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Dixie State University Football Team Organizes Black Lives Matter Protest In St. George

Protestors hold sign at a Black Lives Matter event in St. George, Utah.
Lexi Peery/ KUER News
Protestors kneel on St. George’s main drag joining protests nationwide calling for justice for George Floyd who died at the hands of police officers on Memorial Day. ";

The Dixie State University football program held a team meeting recently — not to discuss plays but to talk about the protests being held nationwide in the wake of George Floyd’s death at the hands of police.

That conversation led to a Black Lives Matter rally that attracted several hundred people Thursday night, spilling onto the streets of St. George’s main strip. 

Players and coaches stood on the sidewalk in front of a local restaurant, George’s Corner cafe. They passed out water bottles to fellow protestors while joining in on the chants. 

About one-third of the team’s players are black, according to head coach Paul Peterson. He said the recent conversation among players and coaches was eye opening.

“Being a white male in a leadership position, I haven’t faced some of the racism and seclusion that they’ve felt and so it was hard for me to relate,” Peterson said. “[I thought] standing on the sideline and kind of letting it happen without being an active participant was ok and it’s not. It’s not ok.”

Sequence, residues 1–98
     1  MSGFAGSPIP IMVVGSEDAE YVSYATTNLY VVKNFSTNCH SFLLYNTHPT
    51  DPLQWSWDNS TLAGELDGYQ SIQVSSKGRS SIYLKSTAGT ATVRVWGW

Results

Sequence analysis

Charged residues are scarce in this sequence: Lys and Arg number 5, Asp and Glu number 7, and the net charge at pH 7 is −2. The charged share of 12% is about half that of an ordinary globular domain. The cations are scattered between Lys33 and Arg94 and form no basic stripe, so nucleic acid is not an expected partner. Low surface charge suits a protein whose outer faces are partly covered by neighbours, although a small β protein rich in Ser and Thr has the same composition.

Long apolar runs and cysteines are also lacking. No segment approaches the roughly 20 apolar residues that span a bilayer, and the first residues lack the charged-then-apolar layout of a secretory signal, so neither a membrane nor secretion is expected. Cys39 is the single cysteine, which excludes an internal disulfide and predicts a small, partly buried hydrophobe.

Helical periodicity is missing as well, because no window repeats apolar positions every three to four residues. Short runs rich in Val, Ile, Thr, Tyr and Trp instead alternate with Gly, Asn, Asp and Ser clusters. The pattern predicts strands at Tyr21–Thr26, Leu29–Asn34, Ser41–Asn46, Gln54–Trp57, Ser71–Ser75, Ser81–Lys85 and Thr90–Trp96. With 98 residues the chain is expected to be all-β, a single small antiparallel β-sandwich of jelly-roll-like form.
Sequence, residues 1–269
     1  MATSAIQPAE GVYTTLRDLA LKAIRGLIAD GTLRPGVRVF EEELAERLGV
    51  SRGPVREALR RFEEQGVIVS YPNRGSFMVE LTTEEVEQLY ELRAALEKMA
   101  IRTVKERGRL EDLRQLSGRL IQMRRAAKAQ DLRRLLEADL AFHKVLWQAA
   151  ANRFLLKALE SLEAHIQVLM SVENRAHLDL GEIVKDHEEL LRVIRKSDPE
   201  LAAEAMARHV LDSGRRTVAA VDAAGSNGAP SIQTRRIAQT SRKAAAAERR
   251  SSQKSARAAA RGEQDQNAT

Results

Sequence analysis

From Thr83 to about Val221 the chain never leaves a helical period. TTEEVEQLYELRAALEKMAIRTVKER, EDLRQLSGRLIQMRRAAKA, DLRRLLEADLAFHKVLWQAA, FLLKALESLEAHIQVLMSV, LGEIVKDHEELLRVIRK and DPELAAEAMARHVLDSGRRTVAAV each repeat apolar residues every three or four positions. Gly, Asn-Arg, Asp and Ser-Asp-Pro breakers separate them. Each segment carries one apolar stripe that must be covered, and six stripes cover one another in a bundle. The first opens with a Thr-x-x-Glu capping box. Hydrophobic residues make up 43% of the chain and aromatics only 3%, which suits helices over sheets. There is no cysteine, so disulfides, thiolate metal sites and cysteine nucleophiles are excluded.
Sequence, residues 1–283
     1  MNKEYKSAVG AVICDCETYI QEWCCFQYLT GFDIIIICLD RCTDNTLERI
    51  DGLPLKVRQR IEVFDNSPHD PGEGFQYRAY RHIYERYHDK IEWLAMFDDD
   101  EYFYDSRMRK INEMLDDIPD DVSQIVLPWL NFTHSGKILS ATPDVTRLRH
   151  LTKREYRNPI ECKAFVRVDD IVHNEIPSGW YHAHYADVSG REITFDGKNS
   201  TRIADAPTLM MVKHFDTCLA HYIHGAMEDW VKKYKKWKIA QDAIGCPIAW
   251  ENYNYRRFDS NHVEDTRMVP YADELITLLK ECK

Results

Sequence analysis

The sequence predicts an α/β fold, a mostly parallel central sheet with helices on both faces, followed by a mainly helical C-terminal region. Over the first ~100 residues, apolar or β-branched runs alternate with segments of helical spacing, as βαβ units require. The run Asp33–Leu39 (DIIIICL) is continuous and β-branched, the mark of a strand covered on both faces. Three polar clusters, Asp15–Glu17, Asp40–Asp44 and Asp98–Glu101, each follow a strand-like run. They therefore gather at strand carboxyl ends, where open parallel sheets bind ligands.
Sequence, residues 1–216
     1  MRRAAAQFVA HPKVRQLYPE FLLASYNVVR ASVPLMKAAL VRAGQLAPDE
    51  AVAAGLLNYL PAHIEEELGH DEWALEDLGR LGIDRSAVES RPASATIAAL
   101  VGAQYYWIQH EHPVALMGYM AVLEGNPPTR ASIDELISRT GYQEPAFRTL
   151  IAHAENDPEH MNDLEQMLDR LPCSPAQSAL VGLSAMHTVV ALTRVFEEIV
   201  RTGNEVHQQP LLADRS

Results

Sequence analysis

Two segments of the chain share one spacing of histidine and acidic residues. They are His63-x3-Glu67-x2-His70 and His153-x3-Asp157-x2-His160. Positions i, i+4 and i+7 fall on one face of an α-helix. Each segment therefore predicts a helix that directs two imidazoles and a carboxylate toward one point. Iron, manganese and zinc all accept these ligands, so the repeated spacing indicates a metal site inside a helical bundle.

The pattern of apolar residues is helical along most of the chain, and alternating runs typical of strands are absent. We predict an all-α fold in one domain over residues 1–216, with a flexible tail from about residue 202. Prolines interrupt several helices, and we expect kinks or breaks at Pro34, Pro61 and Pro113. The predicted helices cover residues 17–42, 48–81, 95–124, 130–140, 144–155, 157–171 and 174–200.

Augustus Fraser is 19 years old and moved to St. George from Los Angeles to play football for DSU. Fraser, who is black, said he’s experienced racial profiling, from people clutching their purses when he walks by to being handcuffed by officers back in LA.

Fraser said going into the protest Thursday night, he wasn’t hopeful about the turnout. However, this is one of the biggest crowds a Black Lives Matter event has gotten in St. George since the death of Floyd. 

“I don’t think the main reason [for this protest] was to be heard necessarily, I think the main reason was to see how many people support the Black Lives Matter movement,” Fraser said looking out over hundreds of protestors chanting.

“I think that’s a really dope part about it, that there’s so many people here and they all support us. You wouldn’t think that in a predominately white city that you know there’d be so many people here right now, but there are," he said.

This was just one of several protests planned for this weekend.

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